This special report describes how individual schools can engage in data-driven decision making to increase the academic performance of all students.
Structured Decision Making
This two-year effort to examine cultural competence involved an extensive literature review, a survey of organizations, and in-depth reviews of five community-based organizations: Asian American Recovery Services (Santa Clara office), East Bay Asian Youth Center of Oakland, Filipinos for Affirmative Action, Helping and Outreaching to Peers Everywhere (H.O.P.E.) (API Wellness), and United Cambodian Culture Club (UCCC) (Cambodian Community Development).
Focused study of girls in the juvenile justice system in Duval County, (Jacksonville) Florida. Found that educational failure, particularly during the middle school years was the most statistically significant risk factor for juvenile offending, including serious offending. From files for girls at various stages in the juvenile justice system in Duval County, Fl, (n=1000) girls who had school problems were 4 times more likely to be repeat offenders and 3 times more likely to have more serious charges, including person offenses than girls who did not have academic school problems.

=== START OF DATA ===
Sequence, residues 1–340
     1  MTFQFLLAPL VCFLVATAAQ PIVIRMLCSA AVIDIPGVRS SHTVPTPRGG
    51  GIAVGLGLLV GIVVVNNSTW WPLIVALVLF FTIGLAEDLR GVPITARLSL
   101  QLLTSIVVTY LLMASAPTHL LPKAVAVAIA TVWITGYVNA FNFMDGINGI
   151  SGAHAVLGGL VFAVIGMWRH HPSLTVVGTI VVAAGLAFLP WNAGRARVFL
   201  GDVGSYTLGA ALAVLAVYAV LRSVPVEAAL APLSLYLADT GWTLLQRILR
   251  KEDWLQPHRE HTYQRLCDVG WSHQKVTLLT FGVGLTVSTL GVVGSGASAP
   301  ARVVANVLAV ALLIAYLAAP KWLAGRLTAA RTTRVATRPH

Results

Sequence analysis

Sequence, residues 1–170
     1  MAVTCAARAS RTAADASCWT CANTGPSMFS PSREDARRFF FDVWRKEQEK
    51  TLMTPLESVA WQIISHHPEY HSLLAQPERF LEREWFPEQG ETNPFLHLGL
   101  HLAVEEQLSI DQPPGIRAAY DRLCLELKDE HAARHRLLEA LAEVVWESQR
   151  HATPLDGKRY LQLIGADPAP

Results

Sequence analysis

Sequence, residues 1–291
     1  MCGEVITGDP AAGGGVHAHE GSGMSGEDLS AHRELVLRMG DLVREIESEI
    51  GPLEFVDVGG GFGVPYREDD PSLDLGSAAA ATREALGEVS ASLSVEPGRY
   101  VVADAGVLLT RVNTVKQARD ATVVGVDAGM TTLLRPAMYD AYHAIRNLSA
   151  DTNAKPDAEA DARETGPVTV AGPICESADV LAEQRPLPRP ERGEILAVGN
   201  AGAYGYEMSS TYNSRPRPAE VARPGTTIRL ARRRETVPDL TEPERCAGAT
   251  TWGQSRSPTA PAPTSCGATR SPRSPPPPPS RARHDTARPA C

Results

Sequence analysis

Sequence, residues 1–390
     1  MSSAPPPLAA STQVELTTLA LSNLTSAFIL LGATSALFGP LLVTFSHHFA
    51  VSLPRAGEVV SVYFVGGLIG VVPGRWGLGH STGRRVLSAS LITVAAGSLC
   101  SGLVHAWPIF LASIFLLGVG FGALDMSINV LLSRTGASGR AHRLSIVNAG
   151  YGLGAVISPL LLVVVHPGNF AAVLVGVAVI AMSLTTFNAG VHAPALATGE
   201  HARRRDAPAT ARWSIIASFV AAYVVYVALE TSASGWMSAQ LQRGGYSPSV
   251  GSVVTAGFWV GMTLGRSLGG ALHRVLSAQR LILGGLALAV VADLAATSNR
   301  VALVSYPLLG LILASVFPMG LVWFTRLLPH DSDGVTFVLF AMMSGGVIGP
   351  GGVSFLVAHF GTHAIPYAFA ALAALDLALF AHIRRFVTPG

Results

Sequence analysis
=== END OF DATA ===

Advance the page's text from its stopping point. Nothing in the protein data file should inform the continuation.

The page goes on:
Every year between 800,000 and one million American college students are victims of ethnoviolence. These incidents take the form of racist slurs and posters, racial harassment, and alleged racial intimidation; anti-Semitic remarks, graffiti, and posters; and harassment and threatening statements toward lesbians and gays. However, free speech issues have often overwhelmed the problem of ethnoviolence on our college and university campuses. In formulating policy, university administrators and legal counsel are now considering free speech issues as much, if not more, than the race conflict issue itself. The problem is that focusing exclusively on First Amendment concerns reflects not minority concerns, but the prejudicial priorities of some members of the dominant social order. Our universities as well as our culture must confront the dilemma presented by the extent to which free speech or racial conflict should be given priority.